Starring: Jon Mikl Thor, Teresa Simpson, Jim Cirile, Jillian Peri, David Lane, Denise Dicandia, Frank Dietz, Liane Abel, Adam Fried
Also known as: The Edge Of Hell
“You killed no one, Bub. Or is it less familiar to call you Beelzebub? Or do you prefer Abaddon? Or, as the Hindus called you, Shaitan? Or, as you are known to answer to, Ahriman? Belial? Apollyon? Asmodeus? Because, you see… I do know you.” (John Triton, Rock ‘n’ Roll Nightmare)
Well, now. Where to begin.
If you aren’t aware of Jon Mikl Thor, his Wikipedia page describes him as “a bodybuilding champion, actor, songwriter, screenwriter, historian, vocalist and musician”.
Having now watched Rock ‘n’ Roll Nightmare, which was both written by Thor and starred him in the leading role, I’m almost tempted to edit that page and remove “actor” and “screenwriter”.
From 1976 Thor was in a Canadian heavy metal band named… well, Thor. A decade later the band broke up and he decided to get into acting instead.
Rather than going down the usual route of finding an agent and auditioning for roles, Thor fancied himself as something of a jack of all trades and so decided to write a script for a movie that he would both star in and produce.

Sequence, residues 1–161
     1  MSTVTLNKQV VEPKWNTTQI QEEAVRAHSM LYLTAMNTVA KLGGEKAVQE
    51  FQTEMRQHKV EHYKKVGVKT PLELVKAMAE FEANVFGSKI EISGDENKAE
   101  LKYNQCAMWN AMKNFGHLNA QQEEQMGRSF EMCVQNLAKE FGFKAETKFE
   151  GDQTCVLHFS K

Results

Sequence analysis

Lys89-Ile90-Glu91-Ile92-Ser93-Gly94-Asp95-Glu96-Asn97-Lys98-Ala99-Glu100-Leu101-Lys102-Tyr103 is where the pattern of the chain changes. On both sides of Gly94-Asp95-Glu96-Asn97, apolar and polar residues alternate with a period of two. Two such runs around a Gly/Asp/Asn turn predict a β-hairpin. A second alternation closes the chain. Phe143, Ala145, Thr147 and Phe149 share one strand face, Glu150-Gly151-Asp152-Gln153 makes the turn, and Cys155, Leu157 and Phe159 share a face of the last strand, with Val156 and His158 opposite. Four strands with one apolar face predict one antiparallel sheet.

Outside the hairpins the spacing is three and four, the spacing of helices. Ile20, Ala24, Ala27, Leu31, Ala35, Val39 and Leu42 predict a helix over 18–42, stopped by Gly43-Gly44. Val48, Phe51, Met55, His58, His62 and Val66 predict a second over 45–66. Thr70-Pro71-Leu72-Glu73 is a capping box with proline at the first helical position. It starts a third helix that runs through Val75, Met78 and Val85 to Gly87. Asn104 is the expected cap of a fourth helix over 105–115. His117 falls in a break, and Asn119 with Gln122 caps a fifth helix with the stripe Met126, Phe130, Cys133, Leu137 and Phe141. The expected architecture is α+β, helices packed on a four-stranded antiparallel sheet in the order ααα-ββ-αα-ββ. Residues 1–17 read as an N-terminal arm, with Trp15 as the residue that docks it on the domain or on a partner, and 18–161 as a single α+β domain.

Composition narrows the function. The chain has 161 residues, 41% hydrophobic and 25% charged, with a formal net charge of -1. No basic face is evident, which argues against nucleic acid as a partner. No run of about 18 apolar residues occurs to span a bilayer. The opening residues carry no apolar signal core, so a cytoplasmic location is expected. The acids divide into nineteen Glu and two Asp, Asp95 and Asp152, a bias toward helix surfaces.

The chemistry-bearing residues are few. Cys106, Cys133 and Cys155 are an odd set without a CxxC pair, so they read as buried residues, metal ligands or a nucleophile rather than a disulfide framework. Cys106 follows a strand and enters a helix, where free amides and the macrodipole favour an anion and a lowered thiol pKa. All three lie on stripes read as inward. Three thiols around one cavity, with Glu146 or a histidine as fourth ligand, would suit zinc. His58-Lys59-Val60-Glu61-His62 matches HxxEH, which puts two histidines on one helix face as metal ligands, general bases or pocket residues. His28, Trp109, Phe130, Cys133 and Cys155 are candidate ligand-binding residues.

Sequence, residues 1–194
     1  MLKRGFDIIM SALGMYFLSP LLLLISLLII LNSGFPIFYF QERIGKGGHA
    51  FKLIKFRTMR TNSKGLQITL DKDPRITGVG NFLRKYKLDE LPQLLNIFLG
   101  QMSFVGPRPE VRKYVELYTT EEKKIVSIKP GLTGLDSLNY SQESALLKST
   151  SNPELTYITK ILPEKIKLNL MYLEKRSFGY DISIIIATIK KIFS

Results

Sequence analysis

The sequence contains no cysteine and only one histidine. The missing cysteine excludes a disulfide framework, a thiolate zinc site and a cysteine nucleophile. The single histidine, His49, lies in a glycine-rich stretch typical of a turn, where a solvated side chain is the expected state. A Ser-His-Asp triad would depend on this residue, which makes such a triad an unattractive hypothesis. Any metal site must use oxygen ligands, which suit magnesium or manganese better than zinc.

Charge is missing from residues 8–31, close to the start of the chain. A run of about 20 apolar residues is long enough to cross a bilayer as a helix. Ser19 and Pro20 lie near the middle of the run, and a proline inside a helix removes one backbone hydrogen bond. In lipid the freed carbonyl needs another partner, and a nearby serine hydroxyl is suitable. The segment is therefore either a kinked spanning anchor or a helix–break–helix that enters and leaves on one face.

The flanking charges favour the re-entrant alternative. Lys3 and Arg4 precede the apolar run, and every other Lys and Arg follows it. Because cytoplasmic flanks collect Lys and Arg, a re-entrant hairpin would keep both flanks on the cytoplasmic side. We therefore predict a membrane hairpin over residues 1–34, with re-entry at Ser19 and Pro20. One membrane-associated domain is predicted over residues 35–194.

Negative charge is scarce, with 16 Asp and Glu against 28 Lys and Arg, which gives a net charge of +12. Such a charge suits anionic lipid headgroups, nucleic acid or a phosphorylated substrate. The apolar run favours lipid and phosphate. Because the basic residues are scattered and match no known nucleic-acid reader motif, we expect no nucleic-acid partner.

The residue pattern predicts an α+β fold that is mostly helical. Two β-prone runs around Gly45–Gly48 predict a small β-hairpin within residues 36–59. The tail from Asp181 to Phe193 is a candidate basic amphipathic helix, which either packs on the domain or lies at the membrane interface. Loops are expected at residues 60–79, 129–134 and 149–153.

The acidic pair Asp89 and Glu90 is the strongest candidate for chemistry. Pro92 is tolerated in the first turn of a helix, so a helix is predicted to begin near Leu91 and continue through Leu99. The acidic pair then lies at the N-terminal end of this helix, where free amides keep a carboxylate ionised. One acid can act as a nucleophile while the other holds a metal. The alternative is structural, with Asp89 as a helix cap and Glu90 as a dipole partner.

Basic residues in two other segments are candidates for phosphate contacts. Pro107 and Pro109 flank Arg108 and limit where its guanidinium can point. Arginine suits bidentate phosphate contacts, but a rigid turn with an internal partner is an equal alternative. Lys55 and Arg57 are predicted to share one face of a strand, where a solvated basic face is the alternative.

The result is Rock ‘n’ Roll Nightmare, one of the most charmingly terrible and batshit films I’ve seen in a long time.
The movie opens with an unbearably long sequence in which John Triton (Thor) and his band Tritonz are driving in a van (it turns out this sequence was shot later when it was discovered the film’s runtime was too short).
Eventually the van pulls up at an isolated farmhouse, where Tritonz plan to spend the next couple of weeks to record their new album. The barn’s been transformed into a recording studio, you see.
It quickly emerges that all is not well though, because it seems the farmhouse is constantly being haunted by an evil force, one that may actually be the devil himself.
Shot with a budget of only $100,000, Rock ‘n’ Roll Nightmare is fantastically shonky in every category.
The quality of acting ranges from merely ‘bad’ to ‘for every second I continue watch this, countless pieces of my brain are eroding into dust’.
This is thanks to the four band members (including Thor himself) and their female companions, one of whom is apparently meant to be the sex-bomb female band member who drives all the male fans crazy but is actually rougher than a hedgehog’s arse.
The ‘worst actor’ award quite clearly goes to Jim Cirile though, who plays Stig. He’s a New York actor who tries to give his character an Australian accent but ends up sounding like a deaf person doing a Downton Abbey impersonation.
This being a movie written by and starring a heavy metal singer, it should come as no surprise that Rock ‘n’ Roll Nightmare is saturated with Thor’s music.
The action stops a number of times throughout so that Tritonz can perform a song in their barn, and even when they aren’t practicing there’s almost always a radio somewhere in the background to keep a constant bed of Thor music on the go.